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Monday, March 18, 2013

Planing Wood

Yesterday was "get to know your planer" Sunday.

Scrap teak pulled from storage
Among the many bits and pieces that came with the boat were old teak cabinet parts like drawer faces, drop boards and shelving. Ranging form 3/4 to an inch thick, all pieces were dirty, water stained and scratched. Some had heavy coats of finish (varnish or cetol). While I sold of most of the parts that came with the boat, I kept this "scrap" teak thinking I could at least play with when woodworking time came. Well, that time is now.
Before (left) and after (right) 
After cleaning each piece up with the shop vac, I squared up two opposite edges on the table saw and ran it through the planer to remove any finish, scratches and stains. Each pass removed 1/64 of in inch at a time. After two or thee passes through the planer, the surface looked like fresh milled wood. A pretty nifty and easy to use tool for a woodworking neophyte like me.
Shelves of small hardwood bits
By the end of the afternoon I had a couple shelves of hardwood ready for use. These pieces do not exceed 24 inches in length and are maybe 5 to 6 inches wide. If figure these will work as good "practice pieces" as there will not be much use inside the boat. Maybe for some short trim molding.

Tip: When planing a previously used piece, check for any pins in the wood. Pins will damage the planer blades and will require replacement. Ask me how I know!

1 comment:

Rhys said... don't look sound like a beginning woodworker. I've salvaged teak from the boat club bins on the sound economic and ecological basis that I never want to pay for the stuff new. Knowing as we do (my wife is a biologist) that the last stands of teak forests are coming down and flattening or frightening off orangutans in the process, I prefer to "repurpose" the tons of teak cut in the '60s and '70s.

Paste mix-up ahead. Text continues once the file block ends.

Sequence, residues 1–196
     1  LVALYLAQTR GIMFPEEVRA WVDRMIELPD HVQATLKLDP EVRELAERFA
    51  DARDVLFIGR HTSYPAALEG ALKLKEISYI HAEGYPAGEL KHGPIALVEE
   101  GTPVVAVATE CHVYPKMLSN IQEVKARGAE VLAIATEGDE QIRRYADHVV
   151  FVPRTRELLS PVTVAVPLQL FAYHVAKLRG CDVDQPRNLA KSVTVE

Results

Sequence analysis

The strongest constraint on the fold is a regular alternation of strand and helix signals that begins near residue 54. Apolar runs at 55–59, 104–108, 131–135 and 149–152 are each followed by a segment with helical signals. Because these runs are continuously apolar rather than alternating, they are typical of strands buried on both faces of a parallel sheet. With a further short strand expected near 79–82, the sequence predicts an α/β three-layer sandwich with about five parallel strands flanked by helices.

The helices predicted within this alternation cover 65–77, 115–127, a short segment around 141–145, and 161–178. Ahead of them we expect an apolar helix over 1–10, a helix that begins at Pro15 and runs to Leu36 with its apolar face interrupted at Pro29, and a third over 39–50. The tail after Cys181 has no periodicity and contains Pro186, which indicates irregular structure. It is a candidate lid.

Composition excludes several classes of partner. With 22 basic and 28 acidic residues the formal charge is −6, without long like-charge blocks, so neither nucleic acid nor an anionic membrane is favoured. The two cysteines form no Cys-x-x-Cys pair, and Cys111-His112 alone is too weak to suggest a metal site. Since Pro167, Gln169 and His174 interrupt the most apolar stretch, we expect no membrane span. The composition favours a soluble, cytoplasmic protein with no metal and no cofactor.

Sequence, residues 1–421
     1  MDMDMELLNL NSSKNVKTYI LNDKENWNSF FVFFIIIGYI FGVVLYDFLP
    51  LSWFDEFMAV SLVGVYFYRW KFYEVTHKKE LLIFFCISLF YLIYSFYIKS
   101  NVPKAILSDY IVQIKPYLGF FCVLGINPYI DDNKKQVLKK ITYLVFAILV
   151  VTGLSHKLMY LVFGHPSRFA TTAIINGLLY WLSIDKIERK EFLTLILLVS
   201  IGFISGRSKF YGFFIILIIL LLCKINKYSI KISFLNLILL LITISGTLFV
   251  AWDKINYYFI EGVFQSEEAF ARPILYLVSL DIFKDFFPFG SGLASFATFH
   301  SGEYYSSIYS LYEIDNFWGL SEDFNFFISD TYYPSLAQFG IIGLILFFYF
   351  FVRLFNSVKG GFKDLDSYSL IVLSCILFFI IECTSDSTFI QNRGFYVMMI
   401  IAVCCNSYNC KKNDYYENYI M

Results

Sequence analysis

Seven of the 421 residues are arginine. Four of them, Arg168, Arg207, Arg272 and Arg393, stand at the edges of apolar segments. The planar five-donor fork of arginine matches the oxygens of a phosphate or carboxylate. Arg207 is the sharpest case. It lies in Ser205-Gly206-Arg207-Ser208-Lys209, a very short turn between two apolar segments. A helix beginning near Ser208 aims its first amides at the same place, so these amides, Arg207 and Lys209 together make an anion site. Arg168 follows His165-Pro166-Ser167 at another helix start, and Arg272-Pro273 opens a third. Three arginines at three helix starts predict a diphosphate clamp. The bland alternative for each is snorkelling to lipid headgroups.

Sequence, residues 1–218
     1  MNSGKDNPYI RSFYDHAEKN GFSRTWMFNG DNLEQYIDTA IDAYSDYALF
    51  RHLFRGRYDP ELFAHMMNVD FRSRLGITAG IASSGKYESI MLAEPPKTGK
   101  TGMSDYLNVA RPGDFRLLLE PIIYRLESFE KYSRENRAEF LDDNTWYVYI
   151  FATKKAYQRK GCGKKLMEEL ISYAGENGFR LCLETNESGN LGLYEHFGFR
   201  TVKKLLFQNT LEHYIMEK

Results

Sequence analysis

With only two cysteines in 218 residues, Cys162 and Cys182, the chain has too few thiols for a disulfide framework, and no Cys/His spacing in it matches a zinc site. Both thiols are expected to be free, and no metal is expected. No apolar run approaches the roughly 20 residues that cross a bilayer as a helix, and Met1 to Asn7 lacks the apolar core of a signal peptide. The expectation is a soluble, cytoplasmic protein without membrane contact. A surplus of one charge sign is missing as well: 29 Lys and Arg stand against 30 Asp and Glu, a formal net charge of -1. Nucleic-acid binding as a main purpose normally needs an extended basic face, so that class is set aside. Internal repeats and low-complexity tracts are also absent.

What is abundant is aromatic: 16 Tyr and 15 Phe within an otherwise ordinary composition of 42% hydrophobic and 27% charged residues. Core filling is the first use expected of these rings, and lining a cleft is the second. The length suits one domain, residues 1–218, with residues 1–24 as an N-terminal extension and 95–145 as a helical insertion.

A more sustainable source of boat wood (and I don't particularly like wood aboard boats) are North American species such as oak and black cherry. I happen to have a 120 year old black cherry tree in my backyard, and it requires fairly severe limb reduction to correct a bad list to the south. It's a simple matter to ask the arborists to cut specific lengths of branches for further reduction into, say, 24 inch planks. You could even spin a foot-thick section of branch for veneer. Jigs and routers yield gear boxes, small shelves and attractive panel covers...and no primates are harmed.

Old gumwood, oak and mahogany doors and office furniture are also great candidates for planking as few have the patience to take off nine layers of lead or "milk" paint. Frequently, you can score these things for free by offering to clean out basements or garages. "New", they are quite expensive.